U2’s ‘Songs of Innocence’ Cover Is ‘Gay Propaganda,’ According to Russian Legislator
If convicted, Apple could be fined up to one million roubles
A lot of people took umbrage with U2 surreptitiously slipping their latest album, Songs of Innocence, into everyone’s iTunes libraries, but apparently a Russian right-wing legislator has a problem with it too — for a very different (and very present-day Russian) reason. The Guardian reports that a right-wing Russian legislator, Duma deputy Alexander Starovoitov, has asked Russia’s attorney general to investigate Apple for distributing Songs of Innocence to every iTunes customer because he believes it promotes “gay propaganda” to minors, which is a crime in Russia.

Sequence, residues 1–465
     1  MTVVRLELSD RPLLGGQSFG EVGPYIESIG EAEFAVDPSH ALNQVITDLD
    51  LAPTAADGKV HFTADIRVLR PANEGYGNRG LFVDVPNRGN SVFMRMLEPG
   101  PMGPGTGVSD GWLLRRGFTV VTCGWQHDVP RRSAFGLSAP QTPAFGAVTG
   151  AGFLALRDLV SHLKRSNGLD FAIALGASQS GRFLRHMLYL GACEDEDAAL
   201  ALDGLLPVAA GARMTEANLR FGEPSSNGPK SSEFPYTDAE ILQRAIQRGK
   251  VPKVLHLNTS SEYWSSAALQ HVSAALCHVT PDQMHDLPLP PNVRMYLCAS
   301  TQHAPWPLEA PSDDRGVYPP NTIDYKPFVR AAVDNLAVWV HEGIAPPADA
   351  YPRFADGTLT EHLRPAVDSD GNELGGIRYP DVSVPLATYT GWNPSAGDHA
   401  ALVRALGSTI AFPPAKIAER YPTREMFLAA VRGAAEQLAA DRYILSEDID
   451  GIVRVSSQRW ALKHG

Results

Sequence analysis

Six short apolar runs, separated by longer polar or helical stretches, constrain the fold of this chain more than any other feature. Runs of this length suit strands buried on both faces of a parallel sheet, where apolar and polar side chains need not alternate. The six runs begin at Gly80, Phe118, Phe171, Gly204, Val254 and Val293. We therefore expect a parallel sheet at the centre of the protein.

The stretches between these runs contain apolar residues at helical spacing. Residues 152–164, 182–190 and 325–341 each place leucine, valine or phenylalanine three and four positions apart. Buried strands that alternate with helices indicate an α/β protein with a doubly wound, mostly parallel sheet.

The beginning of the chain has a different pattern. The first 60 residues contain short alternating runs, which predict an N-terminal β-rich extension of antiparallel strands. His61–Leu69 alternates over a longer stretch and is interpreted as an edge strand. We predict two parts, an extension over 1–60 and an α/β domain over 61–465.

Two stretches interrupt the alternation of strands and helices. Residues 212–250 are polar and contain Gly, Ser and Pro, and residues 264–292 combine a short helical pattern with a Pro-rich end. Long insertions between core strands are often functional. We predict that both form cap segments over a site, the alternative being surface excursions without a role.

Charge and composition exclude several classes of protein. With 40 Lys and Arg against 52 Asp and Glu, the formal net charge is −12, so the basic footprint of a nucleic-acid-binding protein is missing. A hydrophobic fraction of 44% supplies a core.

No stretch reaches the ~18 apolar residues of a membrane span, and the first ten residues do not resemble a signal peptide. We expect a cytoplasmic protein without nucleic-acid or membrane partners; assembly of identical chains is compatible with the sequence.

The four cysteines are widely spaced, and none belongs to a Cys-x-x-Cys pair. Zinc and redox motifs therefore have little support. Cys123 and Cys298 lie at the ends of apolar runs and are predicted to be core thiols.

The physical album cover (note: not the iTunes release) portrays a shirtless drummer Larry Mullen, Jr. embracing his also-shirtless 18-year-old son, Elvis. The group has stated that the album’s cover is a visual metaphor for “how holding on to your own innocence is a lot harder than holding on to someone else’s.” If convicted, Apple will either have to stop Russian operations for as many as 90 days or pay a fine of up to one million roubles. Which roughly translates to $19,369.